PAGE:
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What is the history of the fireplace in Hidden Valley Park?

Post Date:01/01/2020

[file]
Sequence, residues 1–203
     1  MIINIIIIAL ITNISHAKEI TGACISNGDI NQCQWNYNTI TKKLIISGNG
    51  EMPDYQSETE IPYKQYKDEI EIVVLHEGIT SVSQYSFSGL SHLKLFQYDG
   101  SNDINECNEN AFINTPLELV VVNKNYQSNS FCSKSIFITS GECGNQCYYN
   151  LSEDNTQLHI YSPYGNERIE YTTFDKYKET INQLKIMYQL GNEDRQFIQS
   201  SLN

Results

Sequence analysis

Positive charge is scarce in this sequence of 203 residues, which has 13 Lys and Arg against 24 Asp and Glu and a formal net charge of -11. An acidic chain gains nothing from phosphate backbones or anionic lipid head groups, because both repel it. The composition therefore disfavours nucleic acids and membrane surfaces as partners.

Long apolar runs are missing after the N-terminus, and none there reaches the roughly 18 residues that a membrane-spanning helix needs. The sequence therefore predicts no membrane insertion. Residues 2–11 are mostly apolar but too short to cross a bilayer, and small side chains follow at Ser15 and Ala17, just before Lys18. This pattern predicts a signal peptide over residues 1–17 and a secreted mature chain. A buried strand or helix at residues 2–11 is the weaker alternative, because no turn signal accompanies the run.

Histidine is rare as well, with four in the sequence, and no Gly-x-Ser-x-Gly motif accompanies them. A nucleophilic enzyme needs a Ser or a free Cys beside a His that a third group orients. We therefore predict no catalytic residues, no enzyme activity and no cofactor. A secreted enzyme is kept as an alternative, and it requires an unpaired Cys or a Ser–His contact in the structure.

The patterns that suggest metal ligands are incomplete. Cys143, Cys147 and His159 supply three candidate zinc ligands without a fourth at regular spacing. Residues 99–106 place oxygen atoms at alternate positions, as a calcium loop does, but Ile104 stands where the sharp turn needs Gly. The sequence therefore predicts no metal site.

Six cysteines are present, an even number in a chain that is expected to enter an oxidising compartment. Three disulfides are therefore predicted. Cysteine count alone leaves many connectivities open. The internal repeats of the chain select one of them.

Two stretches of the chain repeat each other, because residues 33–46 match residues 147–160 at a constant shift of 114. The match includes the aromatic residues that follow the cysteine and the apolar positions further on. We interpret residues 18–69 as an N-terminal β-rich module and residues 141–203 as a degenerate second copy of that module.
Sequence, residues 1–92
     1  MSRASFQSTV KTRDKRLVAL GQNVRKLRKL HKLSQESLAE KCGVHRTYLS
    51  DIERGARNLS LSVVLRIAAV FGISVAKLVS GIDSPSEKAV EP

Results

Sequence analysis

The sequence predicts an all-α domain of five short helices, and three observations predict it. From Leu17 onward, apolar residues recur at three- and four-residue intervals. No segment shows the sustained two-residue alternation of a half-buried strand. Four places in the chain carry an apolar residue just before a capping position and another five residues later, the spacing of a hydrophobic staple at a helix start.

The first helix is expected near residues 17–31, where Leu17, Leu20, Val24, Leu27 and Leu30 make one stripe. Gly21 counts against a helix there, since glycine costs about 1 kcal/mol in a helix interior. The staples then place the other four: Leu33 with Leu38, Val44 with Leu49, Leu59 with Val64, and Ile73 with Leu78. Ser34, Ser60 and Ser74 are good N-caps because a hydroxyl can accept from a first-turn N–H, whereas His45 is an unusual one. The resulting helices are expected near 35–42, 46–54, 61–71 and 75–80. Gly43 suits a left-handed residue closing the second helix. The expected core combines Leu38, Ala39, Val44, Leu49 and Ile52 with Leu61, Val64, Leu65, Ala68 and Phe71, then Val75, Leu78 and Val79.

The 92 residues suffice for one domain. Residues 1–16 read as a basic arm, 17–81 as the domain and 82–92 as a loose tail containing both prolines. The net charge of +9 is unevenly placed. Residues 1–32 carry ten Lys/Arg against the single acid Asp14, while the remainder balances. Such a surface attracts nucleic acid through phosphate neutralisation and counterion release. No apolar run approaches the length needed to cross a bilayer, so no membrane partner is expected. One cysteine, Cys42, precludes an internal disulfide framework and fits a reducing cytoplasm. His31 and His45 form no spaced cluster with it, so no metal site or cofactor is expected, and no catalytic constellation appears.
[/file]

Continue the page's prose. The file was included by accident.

In the late 1800s, Michael Egan settled in Glendale Township along the Credit River. The town of Savage did not exist at that time; it was part of a settlement called “Hamilton”. Over the years, the land was developed into Egan’s Resort which included a lodge and two ski runs. In 1929, a picnic area was built in the valley and was known as Egan’s Picnic Grounds. The name later was changed to Hidden Valley. Throughout the 1930s and 1940s, people would come from miles around to enjoy horseback riding, picnics and dances. In 1939, a log-style building and two pedestrian bridges were added to the picnic grounds. One of the unique features of the park building was the magnificent fireplace constructed by Ted Noonan. The fireplace is said to be constructed using stones and materials from each of the first 48 states. In 1979, the Egan family sold the land to the City to be used as a city park. Today Hidden Valley Park is the second largest park in the city, and is one of the most used parks by nature lovers, picnic goers, and archery enthusiasts. The fireplace sits on the south end of the park pavilion and is all that remains of the original building.
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